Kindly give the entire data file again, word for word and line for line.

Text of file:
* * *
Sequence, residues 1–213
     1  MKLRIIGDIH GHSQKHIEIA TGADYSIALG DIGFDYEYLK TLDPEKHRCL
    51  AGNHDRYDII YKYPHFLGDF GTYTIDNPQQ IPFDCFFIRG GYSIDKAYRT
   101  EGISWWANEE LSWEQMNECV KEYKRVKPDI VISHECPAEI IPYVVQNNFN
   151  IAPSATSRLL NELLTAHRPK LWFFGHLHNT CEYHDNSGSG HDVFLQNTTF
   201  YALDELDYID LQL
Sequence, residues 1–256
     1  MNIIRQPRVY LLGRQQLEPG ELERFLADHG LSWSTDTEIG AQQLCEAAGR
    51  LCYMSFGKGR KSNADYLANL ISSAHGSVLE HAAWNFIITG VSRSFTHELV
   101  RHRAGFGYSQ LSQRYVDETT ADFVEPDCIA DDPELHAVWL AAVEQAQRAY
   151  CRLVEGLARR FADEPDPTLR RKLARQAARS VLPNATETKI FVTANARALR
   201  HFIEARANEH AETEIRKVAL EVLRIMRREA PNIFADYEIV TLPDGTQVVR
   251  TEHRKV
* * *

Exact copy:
Sequence, residues 1–213
     1  MKLRIIGDIH GHSQKHIEIA TGADYSIALG DIGFDYEYLK TLDPEKHRCL
    51  AGNHDRYDII YKYPHFLGDF GTYTIDNPQQ IPFDCFFIRG GYSIDKAYRT
   101  EGISWWANEE LSWEQMNECV KEYKRVKPDI VISHECPAEI IPYVVQNNFN
   151  IAPSATSRLL NELLTAHRPK LWFFGHLHNT CEYHDNSGSG HDVFLQNTTF
   201  YALDELDYID LQL
Sequence, residues 1–256
     1  MNIIRQPRVY LLGRQQLEPG ELERFLADHG LSWSTDTEIG AQQLCEAAGR
    51  LCYMSFGKGR KSNADYLANL ISSAHGSVLE HAAWNFIITG VSRSFTHELV
   101  RHRAGFGYSQ LSQRYVDETT ADFVEPDCIA DDPELHAVWL AAVEQAQRAY
   151  CRLVEGLARR FADEPDPTLR RKLARQAARS VLPNATETKI FVTANARALR
   201  HFIEARANEH AETEIRKVAL EVLRIMRREA PNIFADYEIV TLPDGTQVVR
   251  TEHRKV